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#EndSARS: The Good, the Bad, and the Ugly of the Road to Lekki Toll Gate.

Dear Readers

I am sad to report that the #EndSARS protests  we discussed in our last epistles have taken a bad turn and the streets of my Lagos and other parts of Nigeria have been turned into a camp of sorrow, tears and blood.

The sorrow is of those mourning the lives of loved and admired ones, the tears are of the young and not so young ones who see another dream shattered and noble patriots bridled in a land where evil and cynicism seem to triumph over goodness and generosity. I am mourning too. The loss is of lives and limbs of innocent beautiful ones and the fracture of the dignity, dreams and audacity of a creative generation. It hurts more when the wailing is personal and can be heard at home.



Between the night and early morning of the Lekki Massacre, I got a particularly heart-wrenching call, it was from my bold, brave, creative and generous biological sister. She could not sleep and in tears, she lamented, “They are shooting at our children! Why? But they have been peaceful and orderly… who called in the solders… why? Please find out who can do something, they need to stop. They need to leave these young ones alone.”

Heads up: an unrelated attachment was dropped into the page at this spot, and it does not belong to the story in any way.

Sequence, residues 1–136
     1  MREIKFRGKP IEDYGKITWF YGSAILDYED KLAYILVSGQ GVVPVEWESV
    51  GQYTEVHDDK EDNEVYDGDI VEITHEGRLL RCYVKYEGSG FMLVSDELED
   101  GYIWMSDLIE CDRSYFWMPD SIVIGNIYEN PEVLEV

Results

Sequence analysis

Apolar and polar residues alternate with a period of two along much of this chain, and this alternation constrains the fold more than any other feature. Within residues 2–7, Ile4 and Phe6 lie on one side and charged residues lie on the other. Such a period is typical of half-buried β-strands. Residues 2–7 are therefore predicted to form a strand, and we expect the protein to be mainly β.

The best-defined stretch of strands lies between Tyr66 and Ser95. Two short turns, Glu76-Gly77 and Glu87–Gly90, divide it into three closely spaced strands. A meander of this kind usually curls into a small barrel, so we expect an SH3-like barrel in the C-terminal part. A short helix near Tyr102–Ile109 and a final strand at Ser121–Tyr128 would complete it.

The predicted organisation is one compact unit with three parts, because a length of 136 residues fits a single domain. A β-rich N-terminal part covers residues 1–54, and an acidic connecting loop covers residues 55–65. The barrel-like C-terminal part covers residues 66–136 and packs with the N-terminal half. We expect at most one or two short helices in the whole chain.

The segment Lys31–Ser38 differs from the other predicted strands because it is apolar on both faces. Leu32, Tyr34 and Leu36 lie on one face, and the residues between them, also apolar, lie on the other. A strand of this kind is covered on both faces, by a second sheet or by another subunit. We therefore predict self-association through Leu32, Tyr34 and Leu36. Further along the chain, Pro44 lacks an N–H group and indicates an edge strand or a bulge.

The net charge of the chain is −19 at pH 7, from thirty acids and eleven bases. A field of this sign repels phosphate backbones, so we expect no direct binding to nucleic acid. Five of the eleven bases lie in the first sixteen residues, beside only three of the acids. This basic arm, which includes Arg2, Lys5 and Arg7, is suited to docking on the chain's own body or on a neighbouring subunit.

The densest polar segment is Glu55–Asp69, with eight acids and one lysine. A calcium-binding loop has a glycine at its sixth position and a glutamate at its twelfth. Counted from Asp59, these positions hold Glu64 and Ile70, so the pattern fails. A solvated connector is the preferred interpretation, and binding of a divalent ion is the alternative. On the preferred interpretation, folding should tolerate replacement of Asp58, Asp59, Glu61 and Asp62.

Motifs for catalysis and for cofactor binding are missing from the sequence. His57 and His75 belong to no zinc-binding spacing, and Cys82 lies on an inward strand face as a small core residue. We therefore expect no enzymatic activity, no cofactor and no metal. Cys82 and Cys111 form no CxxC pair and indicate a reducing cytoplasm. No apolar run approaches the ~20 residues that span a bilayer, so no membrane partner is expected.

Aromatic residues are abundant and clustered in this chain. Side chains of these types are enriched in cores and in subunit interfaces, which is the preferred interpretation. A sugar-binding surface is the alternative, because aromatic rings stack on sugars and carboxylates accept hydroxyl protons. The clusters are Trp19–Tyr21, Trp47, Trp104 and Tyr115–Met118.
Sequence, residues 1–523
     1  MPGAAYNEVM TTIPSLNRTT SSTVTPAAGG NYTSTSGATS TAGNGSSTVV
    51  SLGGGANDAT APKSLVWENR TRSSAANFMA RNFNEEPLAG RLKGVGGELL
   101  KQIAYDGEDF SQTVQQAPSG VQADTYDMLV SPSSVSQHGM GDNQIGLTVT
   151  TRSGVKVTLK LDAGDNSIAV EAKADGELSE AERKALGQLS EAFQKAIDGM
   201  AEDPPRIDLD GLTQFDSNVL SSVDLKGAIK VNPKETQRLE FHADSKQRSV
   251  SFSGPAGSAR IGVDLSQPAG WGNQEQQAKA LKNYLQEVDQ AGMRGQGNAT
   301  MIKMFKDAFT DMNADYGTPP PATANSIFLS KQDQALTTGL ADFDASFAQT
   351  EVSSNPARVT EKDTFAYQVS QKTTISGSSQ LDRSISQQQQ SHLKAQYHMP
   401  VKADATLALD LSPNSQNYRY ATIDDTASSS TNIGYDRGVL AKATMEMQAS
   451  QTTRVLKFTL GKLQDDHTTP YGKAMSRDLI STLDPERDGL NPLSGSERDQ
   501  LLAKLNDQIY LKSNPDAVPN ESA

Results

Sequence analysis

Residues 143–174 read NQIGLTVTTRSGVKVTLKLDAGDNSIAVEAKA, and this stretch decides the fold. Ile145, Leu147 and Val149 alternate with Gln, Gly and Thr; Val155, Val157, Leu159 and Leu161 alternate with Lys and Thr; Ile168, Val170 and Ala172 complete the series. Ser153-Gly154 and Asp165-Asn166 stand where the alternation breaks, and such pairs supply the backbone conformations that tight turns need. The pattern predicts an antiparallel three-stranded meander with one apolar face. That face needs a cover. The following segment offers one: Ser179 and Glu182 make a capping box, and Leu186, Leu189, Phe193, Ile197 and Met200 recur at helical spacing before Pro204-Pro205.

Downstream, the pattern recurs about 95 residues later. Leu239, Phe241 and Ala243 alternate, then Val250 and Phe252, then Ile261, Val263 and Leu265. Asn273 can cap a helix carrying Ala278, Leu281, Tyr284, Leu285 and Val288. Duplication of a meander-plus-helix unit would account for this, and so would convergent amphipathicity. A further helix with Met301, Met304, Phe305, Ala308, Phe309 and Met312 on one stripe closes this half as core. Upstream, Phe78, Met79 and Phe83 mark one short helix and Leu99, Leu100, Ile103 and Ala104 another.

She was referring to the shootings now tagged as the Lekki Massacre. Vicissitudes of life are shaped by people either because they are the cause or because of the way they react to them. The road that led to the Lekki Toll Gate is a very Nigerian road and it is littered with actions of the good, the bad, and ugly ones amongst us.

The bad and ugly once caused the protests.

Bad policemen called SARS with ugly behaviors caused the youth unrest. Rather than protect the lives and properties of good people, they became notorious for tormenting young people that Nigeria has not treasured, nurtured or even acknowledged except for when politicians need their votes and noises.  With their abuse, exploitation, and molestation of young people, the police gave the youths no choice but to rebel. It must be said that that the infamous SARS were able to be, become, and remain bad and ugly because of an ugly system managed by bad leaders. Please note bullies bully because they can get away with bullying. Bullies stop once they see impunity is over.